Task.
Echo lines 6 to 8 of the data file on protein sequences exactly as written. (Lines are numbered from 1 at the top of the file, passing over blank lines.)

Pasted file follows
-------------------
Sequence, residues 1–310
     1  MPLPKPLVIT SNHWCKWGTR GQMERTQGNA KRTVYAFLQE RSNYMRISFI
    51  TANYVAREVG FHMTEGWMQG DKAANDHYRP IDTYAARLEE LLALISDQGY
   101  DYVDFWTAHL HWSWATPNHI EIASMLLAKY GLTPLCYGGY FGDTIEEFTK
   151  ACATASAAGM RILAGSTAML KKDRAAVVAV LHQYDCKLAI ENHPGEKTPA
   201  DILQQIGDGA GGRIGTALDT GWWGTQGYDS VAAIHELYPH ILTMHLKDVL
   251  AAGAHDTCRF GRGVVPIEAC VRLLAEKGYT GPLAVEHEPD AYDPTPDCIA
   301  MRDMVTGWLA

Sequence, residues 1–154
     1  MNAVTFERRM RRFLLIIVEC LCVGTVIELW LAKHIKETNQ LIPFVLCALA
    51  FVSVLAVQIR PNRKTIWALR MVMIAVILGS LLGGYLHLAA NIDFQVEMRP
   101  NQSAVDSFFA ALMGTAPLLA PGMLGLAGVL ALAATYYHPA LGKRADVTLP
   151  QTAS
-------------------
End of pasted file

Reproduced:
   201  DILQQIGDGA GGRIGTALDT GWWGTQGYDS VAAIHELYPH ILTMHLKDVL
   251  AAGAHDTCRF GRGVVPIEAC VRLLAEKGYT GPLAVEHEPD AYDPTPDCIA
   301  MRDMVTGWLA